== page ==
The Discursive Nature of “Significant Others” and the Behavioral Intention of Low Carbon Emission Behavior Adoption

TitleThe Discursive Nature of “Significant Others” and the Behavioral Intention of Low Carbon Emission Behavior Adoption
Publication TypeConference Paper
Author(s)Huang, L. - M.
Affiliation (1st Author)Environment, Science, and Risk Communication
Section or WGEnvironment, Science, and Risk Communication Working Group
DateWed 26 June
Slot CodeENVW3a
Slot Code (Keyword)ENVW3a
Time of Session14:00-15:30
RoomHelix Blue Room
Session Title Media, Climate Change and Public Understanding
Submission ID6105
Abstract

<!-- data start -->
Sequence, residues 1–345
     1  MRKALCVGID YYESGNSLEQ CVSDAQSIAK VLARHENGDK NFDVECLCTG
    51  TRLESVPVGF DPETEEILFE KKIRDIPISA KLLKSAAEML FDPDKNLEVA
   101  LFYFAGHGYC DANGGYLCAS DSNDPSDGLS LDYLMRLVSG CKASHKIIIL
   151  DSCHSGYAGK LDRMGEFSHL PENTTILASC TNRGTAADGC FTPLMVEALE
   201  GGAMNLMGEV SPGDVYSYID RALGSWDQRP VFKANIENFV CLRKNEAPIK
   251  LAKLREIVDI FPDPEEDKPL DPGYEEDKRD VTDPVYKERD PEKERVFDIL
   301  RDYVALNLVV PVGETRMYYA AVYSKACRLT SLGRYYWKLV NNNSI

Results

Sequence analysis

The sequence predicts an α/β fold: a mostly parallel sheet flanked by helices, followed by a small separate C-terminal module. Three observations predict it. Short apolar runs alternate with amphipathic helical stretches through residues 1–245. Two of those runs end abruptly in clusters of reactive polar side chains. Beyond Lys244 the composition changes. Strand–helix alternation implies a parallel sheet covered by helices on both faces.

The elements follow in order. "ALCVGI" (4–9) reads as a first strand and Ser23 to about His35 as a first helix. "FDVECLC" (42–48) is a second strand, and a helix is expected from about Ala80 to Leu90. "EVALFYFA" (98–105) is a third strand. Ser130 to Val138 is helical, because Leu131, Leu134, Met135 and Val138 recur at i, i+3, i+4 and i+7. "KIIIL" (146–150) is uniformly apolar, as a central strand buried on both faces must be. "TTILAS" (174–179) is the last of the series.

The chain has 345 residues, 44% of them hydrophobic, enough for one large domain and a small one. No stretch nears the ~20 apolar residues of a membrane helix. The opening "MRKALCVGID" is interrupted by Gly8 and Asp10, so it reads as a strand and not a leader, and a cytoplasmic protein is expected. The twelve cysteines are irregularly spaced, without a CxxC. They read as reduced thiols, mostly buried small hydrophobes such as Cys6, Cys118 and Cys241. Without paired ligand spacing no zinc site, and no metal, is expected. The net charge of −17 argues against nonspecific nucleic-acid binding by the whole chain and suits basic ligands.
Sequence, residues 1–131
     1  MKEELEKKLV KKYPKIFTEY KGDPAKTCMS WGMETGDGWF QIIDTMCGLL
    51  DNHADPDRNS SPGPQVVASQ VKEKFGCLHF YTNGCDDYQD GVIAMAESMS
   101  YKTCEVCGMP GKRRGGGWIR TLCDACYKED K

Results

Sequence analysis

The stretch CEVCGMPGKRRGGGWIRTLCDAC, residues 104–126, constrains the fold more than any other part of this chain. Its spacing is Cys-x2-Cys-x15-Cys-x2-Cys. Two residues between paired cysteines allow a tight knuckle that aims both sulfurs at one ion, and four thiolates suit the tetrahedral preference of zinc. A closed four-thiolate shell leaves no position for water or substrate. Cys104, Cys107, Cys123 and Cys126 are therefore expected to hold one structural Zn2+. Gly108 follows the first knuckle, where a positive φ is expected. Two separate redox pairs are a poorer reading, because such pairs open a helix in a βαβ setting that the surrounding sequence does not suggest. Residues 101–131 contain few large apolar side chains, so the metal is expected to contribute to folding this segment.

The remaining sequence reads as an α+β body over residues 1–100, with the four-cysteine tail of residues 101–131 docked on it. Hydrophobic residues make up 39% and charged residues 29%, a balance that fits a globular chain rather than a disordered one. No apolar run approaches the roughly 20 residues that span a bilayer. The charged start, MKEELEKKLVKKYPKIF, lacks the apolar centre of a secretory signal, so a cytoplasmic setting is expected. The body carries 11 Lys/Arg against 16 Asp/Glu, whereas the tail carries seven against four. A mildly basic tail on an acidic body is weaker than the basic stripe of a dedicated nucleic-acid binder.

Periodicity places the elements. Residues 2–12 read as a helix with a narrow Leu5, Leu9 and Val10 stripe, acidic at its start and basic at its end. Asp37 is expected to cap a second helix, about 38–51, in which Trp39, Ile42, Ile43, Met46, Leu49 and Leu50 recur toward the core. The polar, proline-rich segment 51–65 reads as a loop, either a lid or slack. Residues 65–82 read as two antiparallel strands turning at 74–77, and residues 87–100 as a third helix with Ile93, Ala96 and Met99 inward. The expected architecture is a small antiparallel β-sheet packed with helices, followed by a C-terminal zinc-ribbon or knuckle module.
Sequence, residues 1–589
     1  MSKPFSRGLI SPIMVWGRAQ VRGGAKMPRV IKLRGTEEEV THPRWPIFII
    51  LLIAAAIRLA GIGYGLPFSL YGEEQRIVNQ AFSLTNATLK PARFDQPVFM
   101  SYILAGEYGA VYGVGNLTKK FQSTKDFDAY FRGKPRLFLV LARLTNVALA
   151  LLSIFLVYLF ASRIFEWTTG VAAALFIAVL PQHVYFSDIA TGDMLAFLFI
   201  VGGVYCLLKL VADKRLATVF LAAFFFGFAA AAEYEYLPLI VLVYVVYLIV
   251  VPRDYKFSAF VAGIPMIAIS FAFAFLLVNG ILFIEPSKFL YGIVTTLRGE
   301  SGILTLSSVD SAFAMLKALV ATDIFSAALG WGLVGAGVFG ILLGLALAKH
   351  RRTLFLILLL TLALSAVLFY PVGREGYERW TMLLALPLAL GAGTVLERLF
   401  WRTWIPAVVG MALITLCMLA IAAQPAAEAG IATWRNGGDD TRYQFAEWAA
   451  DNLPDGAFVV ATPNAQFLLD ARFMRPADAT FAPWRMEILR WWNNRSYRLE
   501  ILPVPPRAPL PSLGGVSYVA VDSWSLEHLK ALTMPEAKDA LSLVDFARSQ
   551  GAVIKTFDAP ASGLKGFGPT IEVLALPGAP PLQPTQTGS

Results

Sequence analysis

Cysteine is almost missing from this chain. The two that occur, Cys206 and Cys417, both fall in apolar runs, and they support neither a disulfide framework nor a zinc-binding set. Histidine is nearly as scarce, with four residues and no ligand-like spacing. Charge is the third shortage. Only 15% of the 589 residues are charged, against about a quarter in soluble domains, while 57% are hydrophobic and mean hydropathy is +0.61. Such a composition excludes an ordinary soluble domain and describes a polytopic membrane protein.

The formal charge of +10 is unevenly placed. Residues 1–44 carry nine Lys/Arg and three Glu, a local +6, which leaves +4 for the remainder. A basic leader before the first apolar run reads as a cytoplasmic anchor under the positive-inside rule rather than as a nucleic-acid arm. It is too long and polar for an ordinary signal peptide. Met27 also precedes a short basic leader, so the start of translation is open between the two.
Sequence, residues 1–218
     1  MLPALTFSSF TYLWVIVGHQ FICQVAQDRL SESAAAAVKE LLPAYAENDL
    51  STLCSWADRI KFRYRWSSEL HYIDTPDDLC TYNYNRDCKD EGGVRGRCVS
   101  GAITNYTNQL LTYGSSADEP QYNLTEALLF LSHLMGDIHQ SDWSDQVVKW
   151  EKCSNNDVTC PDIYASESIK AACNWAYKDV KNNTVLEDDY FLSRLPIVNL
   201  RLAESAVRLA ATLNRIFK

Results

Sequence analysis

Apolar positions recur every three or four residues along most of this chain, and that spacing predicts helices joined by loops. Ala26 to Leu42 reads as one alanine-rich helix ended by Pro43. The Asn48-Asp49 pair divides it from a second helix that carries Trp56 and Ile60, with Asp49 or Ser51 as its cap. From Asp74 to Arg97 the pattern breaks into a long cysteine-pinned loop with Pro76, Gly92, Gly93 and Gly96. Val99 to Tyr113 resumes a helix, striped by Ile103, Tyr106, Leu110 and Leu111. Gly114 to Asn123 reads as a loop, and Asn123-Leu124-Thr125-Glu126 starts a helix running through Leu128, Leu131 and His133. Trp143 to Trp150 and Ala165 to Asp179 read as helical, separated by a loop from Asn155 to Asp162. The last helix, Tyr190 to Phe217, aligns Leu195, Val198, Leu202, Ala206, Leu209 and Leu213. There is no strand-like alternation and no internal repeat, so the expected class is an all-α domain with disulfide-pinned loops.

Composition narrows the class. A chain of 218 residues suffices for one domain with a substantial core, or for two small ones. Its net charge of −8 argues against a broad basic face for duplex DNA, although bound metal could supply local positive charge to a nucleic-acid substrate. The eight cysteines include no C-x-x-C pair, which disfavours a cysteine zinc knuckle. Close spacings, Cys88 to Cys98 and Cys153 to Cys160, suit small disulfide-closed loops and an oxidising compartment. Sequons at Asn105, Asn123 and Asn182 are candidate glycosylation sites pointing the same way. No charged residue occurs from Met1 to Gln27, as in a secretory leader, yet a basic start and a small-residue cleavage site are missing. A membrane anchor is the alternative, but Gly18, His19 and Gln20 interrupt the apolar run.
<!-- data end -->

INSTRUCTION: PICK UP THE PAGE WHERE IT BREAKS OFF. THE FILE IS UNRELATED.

Global climate change is an important issue around the world and scientists suggest that people can take actions to mitigate global climate change. However, research results indicated that there is a severe attitude-behavior gap of global climate change issue. That is, people have already realized that the detrimental effects of global climate change for people’s living world, but few individuals are willing to take actions to mitigate it. In order to resolve the attitude-behavior gap of global climate change issue, more research should be done to find out the ways by which people will be effectively motivated to take actions. To address the issue of attitude-behavior gap, the present study will use Theory of Planned Behavior (TPB) as the theoretical framework. According to TPB, people’s behavior is determined by their behavioral intention which is influenced by three factors. The first one is people’s attitude toward a behavior. The second factor is people’s subjective norm and the last one is people’s perceived control over the behavior. For example, people will be more likely to use a reusable container when they have positive attitude toward doing it, can decide to do it or not under their control and know that their “significant others” wanting them to do it. Although TPB has been widely used to study environmentally significant behavior change, the explanatory power of subjective norm has been controversial. Some researchers indicated that subjective norm denotes the subjects’ “significant others”, who are persons that subjects care about most. However, most research limited “significant others” to the referent of “your friends”. Furthermore, others suggested that personal norm is more persuasive than subjective norm when researchers are concerned about environmentally significant behavior change because of the altruistic nature of pro-environmental behaviors. Given with the insights of conversation analysis approach, therefore, the present study argues that “significant others” should be considered to be an interactive construct that only manifests its relevancy in talk-in-interaction. Specifically, the present study aims to investigate the concept of subjective norm from a communicative perspective to verify its theoretical value in TPB. Firstly, 240 subjects (including 120 students and 120 non-students) will be asked to specify their “significant others” and then indicate the degree to which they care about the attitude of their “significant others” toward a low carbon emission behavior specified by subjects. The objective is to obtain a profile of “significant others” regarding global climate change issue. Secondly, subjects will write down what their “significant others” will say to them if they want to persuade subjects to take actions. The written texts of all subjects will be analyzed to see how often the role of “significant others” will be used as a persuasion appeal compared to other types of appeals. The present research assumes that “significant others” would utilize many types of appeals if they want to persuade research subjects rather than only emphasizing their social role of “significant others”.

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